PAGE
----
with public art
Mexican calligraffiti artist Said Dokins combines calligraphy writing with graffiti techniques to create public murals that address conflicts of power, destruction, and control imposed by both historic and contemporary regimes. His latest project, Heliographies of Memory, uses luminous tools to explore displaced memory, creating light paintings that use famous historic buildings or other iconic sites as temporary backdrops. More
Czech artist Jakub Geltner (previously) has been clustering groups of technological equipment in public spaces since 2011, creating installations that address the heightened state of surveillance in our contemporary world. Arranged as ‘nests,’ the sculptures interrupt both natural landscape and urban environments, making the viewer innately aware of how closely they are being watched. More
Three white inflatable installations protrude from the landscape in Scotland’s Mellerstain’s House and Gardens, works that inhabit two aging structures and a lake that belongs to the estate built in 1725. The installations, which are collectively titled XXX, are by environmental artist Steven Messam (previously) and aim to present a contemporary twist on the marble sculptures that were meant to originally decorate the home’s grounds. More
In a unique collaboration between French fashion brand Pigalle and design agency Ill-Studio, the Paris Duperré basketball court was recently redesigned and repainted with a vibrant new color scheme. The narrow basketball court is nestled between two apartment buildings in the 9th arrondissement and has become a backdrop of sorts for unconventional color schemes, the first of which appeared in 2015. More
Danish artist Thomas Dambo works on large-scale sculptures with recycled materials, having completed 25 wooden works around the world in just under three years. His latest project, The Six Forgotten Giants, is based in his hometown of Copenhagen, a project that builds and hides friendly giants throughout the city’s forests. Using a treasure map, visitors can find the oversized creatures, each of which comes with a poem that describes a bit of their personality. More
Jennifer Bolande‘s work Visible Distance / Second Sight, is not one that you stop your car at and observe, in fact, its not one that even requires slowing to admire. The several billboard installation stretches alongside the Gene Autry Trail and Vista Chino in California, bordering the roads with scenic images of the same mountains that peak out behind each piece. In some instances the images match perfectly with the surrounding range, creating an alignment of fabricated reality while one zooms past the display. More
Thanks to French artist Benedetto Bufalino, you can now dance the night away at a construction site turned night club with the help of his new Diso Ball Cement Mixer. The truck was parked from December 8-10 in Lyon, France where bright spotlights pointed at the truck turned the streets and building facades into swirling dance party. The spectacle apparently grabbed the attention of quite a few passersby who stopped to take photos and film the otherwise mundane work site that was transformed for a few hours each night. More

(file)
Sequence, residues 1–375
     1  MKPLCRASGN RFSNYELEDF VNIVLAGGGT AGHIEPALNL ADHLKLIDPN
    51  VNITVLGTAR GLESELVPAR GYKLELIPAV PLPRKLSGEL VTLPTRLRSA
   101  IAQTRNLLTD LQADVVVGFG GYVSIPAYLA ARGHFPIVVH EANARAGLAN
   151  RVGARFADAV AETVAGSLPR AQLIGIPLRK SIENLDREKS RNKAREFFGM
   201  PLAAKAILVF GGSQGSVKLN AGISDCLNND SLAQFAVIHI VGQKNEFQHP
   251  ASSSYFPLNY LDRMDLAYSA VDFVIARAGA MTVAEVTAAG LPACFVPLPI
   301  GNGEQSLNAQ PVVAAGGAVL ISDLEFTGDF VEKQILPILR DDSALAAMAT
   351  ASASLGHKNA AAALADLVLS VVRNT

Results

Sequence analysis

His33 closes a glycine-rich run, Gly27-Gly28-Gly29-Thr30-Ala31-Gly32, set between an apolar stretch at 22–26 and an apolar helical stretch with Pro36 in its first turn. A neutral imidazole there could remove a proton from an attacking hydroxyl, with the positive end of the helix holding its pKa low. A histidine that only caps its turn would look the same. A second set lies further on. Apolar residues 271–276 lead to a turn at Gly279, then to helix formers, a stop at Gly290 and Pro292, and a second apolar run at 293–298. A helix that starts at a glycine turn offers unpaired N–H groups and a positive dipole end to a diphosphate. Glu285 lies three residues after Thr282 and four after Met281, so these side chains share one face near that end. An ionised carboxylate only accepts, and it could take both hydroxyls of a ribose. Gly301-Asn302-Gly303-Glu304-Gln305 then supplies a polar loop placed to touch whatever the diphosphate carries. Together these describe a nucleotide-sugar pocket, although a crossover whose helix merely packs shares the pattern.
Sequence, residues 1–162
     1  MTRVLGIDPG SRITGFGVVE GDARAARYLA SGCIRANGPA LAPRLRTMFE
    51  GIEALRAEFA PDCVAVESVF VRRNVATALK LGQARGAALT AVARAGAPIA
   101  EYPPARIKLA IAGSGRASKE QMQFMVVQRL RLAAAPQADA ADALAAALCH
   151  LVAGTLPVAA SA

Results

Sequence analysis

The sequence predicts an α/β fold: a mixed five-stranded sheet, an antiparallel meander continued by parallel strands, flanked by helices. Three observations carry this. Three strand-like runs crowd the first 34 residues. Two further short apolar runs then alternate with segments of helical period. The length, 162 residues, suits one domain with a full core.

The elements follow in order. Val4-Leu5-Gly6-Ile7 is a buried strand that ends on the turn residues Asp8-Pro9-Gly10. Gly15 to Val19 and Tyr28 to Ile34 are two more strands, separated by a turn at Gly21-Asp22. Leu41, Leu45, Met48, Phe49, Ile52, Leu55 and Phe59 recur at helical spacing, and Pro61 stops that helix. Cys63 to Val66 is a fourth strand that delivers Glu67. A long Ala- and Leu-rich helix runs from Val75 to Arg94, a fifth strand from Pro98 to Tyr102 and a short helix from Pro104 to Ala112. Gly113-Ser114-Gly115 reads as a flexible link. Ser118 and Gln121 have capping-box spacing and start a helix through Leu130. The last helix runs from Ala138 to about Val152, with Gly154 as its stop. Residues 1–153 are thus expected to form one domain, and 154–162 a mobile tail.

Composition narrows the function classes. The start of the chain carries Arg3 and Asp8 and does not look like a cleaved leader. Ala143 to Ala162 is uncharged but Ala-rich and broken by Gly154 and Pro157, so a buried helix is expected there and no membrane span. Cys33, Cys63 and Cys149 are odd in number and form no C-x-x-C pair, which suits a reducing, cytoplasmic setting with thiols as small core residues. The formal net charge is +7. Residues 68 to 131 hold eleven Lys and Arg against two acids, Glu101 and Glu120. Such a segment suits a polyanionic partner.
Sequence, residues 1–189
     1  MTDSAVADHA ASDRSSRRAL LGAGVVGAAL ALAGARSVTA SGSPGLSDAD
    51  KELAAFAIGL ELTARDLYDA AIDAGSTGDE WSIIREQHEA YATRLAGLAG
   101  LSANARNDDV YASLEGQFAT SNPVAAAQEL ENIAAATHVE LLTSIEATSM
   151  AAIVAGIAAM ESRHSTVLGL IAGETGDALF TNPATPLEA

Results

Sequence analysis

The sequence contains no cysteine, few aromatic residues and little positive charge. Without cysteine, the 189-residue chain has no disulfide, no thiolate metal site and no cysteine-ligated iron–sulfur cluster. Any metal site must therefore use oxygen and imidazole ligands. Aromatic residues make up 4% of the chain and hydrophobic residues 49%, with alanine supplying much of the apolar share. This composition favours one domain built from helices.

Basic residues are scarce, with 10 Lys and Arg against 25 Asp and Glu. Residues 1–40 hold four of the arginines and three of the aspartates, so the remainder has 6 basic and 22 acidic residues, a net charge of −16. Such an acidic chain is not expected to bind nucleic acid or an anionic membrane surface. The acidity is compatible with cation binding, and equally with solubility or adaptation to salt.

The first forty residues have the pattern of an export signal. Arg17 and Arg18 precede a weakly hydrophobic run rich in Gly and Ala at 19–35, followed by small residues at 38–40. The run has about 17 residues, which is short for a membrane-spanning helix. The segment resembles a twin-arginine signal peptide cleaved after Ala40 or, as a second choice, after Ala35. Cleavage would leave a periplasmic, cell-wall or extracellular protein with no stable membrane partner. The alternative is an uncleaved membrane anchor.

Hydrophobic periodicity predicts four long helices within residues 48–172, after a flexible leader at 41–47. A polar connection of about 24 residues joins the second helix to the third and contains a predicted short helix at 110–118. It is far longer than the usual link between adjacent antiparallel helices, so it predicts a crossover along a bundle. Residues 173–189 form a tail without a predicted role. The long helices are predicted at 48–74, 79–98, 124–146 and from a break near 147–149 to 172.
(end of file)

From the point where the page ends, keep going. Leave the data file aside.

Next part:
From the mass of Taipei’s urban waste comes the project “Swings Park,” a public playground area constructed from dozens of unwanted lamp posts. The project is a collaboration between Taipei-based design studio City Yeast and Spanish art collective Basurma, two groups that aim to produce experimental design as positive activations for a city’s infrastructure and its residents. Fabricated in response to Design Capital 2016, the project was one of six selected proposals from the contest whose mission is to provoke urban evolution through public design. More
Monuments and vaguely descriptive plaques are commonplace around cities and heavily trafficked tourist areas, giving just enough insight into an historic event or landmark. The Staten Island Ferry Disaster Memorial blends in with these weathered monuments, except for the fact that all details on the work are completely false. The monument, which is located in Battery Park, Manhattan, was created by artist Joe Reginella and honors the 400 victims who perished during a giant octopus attack of a Staten Island ferry named the Cornelius G. More
An enormous object resembling a zeppelin has just been built atop the Dox Center for Contemporary Art in Prague. The 138-foot structure (42-meter) won’t be taking to the sky anytime soon, but will instead be utilized as a public gathering space for readings, performances, and debates about literature. The wooden airship-like building is situated atop a cascade of steps on the Dox center’s roof and should accommodate up to 120 seated visitors.
The alternative meeting space was designed as part of a collaboration between the center’s founder and director, Leos Valka, and architect Martin Rajnis who won the 2014 Global Award for Sustainable Architecture. More
Spanning 15,000 square feet, the installation Liquid Shard subtly sways above downtown Los Angeles’s Pershing Square, a glittering band of what appears to be silver streamers. The piece, by Patrick Shearn of Poetic Kinetics, is actually composed of holographic mylar and monofilament, the materials which give the work its reflective quality. As the two layers of the piece undulate with the wind they range from 15 to 115 feet off of the ground, creating a natural movement some have compared to swaying sea flora. More
Editor's Picks: Art
Highlights below. For the full collection click here.